Bristol-Myers Posts 3.5 Percent Q1 Profit Dip Despite Strong Sales
Tue, 04/28/2009 - 4:41am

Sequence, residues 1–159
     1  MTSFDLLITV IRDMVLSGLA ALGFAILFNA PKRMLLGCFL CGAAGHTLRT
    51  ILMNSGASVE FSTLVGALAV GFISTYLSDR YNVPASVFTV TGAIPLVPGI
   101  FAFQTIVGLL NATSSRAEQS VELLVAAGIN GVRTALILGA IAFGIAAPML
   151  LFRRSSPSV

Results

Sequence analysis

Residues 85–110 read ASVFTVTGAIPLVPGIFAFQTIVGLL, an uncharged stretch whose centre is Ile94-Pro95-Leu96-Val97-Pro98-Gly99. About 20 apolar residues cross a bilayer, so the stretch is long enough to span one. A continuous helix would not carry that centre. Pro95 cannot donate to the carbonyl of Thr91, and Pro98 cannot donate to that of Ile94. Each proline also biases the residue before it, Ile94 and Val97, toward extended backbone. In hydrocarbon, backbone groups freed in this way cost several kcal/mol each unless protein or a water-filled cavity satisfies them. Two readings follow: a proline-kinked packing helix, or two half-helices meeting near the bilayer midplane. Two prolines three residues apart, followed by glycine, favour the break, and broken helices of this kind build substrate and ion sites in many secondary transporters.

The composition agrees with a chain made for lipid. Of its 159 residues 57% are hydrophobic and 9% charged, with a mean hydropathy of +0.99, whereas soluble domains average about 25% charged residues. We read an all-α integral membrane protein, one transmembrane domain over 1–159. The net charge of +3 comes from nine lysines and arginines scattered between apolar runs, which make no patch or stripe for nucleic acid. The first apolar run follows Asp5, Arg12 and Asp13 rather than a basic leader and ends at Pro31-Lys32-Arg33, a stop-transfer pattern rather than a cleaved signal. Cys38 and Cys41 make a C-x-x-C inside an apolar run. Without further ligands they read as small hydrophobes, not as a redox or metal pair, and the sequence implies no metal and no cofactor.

LINDA A. JOHNSON AP Business Writer TRENTON, N.J. (AP) — Strong sales of two blockbuster drugs helped boost first-quarter revenue for Bristol-Myers Squibb Co., but higher taxes and a litigation charge pulled down its profit by 3.5 percent. The maker of anti-clotting drug Plavix and psychiatric drug Abilify said Tuesday that its net income amounted to $638 million, or 32 cents per share. That was down from $661 million, or 33 cents a share, a year earlier. Revenue totaled $5.02 billion, up nearly 3 percent, from $4.89 billion in the first quarter of 2007. The company said sales would have been up 8 percent, excluding the effects of the strong dollar. Other drugmakers have been blaming disappointing results on the global recession and the strong dollar. Analysts surveyed by Thomson Reuters had expected slightly higher sales, at $5.13 billion, but Bristol-Myers managed to just beat their earnings per-share forecast. The New York-based company would have posted earnings per share of 48 cents, a penny over analysts' consensus of 47 cents, excluding a host of one-time charges totaling $320 million, or 16 cents per share. Those included a $104 million litigation charge, nearly all of it for settling a shareholder lawsuit, plus $29 million in restructuring charges and $145 million in payments to license experimental drugs. Revenue for the company's pharmaceuticals division was up 3 percent, at $4.32 billion. Revenue in the Mead Johnson division, which sells the Enfamil line and other nutritional products, dipped 1.4 percent to $693 million. In February, Bristol-Myers completed an initial public offering in which it sold 17 percent of Mead Johnson to the public, raising about $800 million, despite the difficult market for such offerings. Plavix sales in the quarter rose 10 percent, to $1.44 billion, and sales of Abilify, used to treat schizophrenia, bipolar disorder and depression, jumped 30 percent to $589 million. A couple of newer drugs also saw sales jump: 43 percent for rheumatoid arthritis treatment Orencia, to $124 million; 41 percent for Baraclude for hepatitis B infection, to $152 million, and 33 percent for cancer drug Sprycel, to $88 million. At the start of the second quarter, Bristol-Myers struck a deal with Japanese partner Otsuka Pharmaceutical Co. Ltd. to extend their partnership on Abilify, which Otsuka discovered, by 2½ years. Instead of ending in November 2012 — about six months after $5 billion-a-year Plavix gets generic competition and its revenues drop off — the marketing partnership will run until 2015. Bristol-Myers and Otsuka also will collaborate on Sprycel and a second Bristol-Myers cancer drug, Ixempra. Bristol-Myers boosted its research and development spending in the quarter by 18 percent, to $923 million. The increase was mainly for upfront payments to partner with ZymoGenetics Inc. for an experimental hepatitis C drug, and with two Japanese drug companies to develop a drug for maintaining normal heart rhythm in patients with a condition in which the heart's upper chambers beat erratically. Meanwhile, Bristol-Myers reduced marketing and overhead costs by 6 percent to $1.1 billion, and boosted its gross profit margin to 71.8 percent by holding down manufacturing costs and raising prices for Plavix, Sprycel and Avapro. The company also backed its forecast for earnings per share of $1.58 to $1.73 for the year.